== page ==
I have also talked with Jawad Yaqub at times over the past year, but never engaged with him or his project in any way. I found him to be very intelligent, personable and friendly, and I have no ill feelings about him personally. I noted everything he said to me, and I did my due diligence and decided that I was not going to invest in DeOS or Razormind or become involved with them in any way. I also do not think it is right to attack individuals and publications in the course of this exposé. I don't see this as a trial. I think this is also very risky for CoinIdol's reputation and I hope that this publication does not continue with these kinds of approaches.

However, I was asked and I agreed to make a decision on this matter, and I won't backtrack on my promise.

CI: How do you vote yourself? Why?

SD: I think Coin Idol should keep the money. They have obviously done their due diligence on the client and have discovered that the client is being dishonest to CoinIdol's readers. If CoinIdol was intending to return the money, they should have done it at the time when they discovered, to their opinion, that DeOS/Razormind was a scam.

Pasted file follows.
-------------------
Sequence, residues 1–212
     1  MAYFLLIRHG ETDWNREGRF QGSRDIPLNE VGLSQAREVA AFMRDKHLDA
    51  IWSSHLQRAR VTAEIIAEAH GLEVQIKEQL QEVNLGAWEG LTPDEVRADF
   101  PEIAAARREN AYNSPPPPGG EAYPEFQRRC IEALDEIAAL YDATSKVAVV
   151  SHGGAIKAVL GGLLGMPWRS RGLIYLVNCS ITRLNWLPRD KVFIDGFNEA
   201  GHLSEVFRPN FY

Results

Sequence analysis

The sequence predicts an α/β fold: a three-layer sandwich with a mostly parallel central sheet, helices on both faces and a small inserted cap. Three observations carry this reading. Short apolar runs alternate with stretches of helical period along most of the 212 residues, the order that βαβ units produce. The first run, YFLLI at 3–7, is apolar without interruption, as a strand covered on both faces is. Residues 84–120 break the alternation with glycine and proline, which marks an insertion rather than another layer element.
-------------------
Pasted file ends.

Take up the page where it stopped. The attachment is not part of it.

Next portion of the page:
Biography of Stephen DeMeulenaere

Stephen DeMeulenaere, CoinAcademy

Stephen DeMeulenaere has spent the past 25 years working with new currencies and is founder & coordinator of the Complementary Currency Resource Center, an online resource center for complementary, community and cryptographic currencies and is co-founder of Coin Academy, a digital currency education platform.

His work with Complementary Currency Systems started first in Canada, then took a third-world development focus, bringing him to Mexico, Argentina, Japan, India, Thailand, Hong Kong, Indonesia, Papua New Guinea and East Timor/Timor Leste.

He has presented and given talks at Universities and conferences in France, China, Netherlands, California, Germany, Argentina, Canada, Thailand, Indonesia, India and Senegal, and has published over 25 articles on the subject for academic journals, magazines and other publications.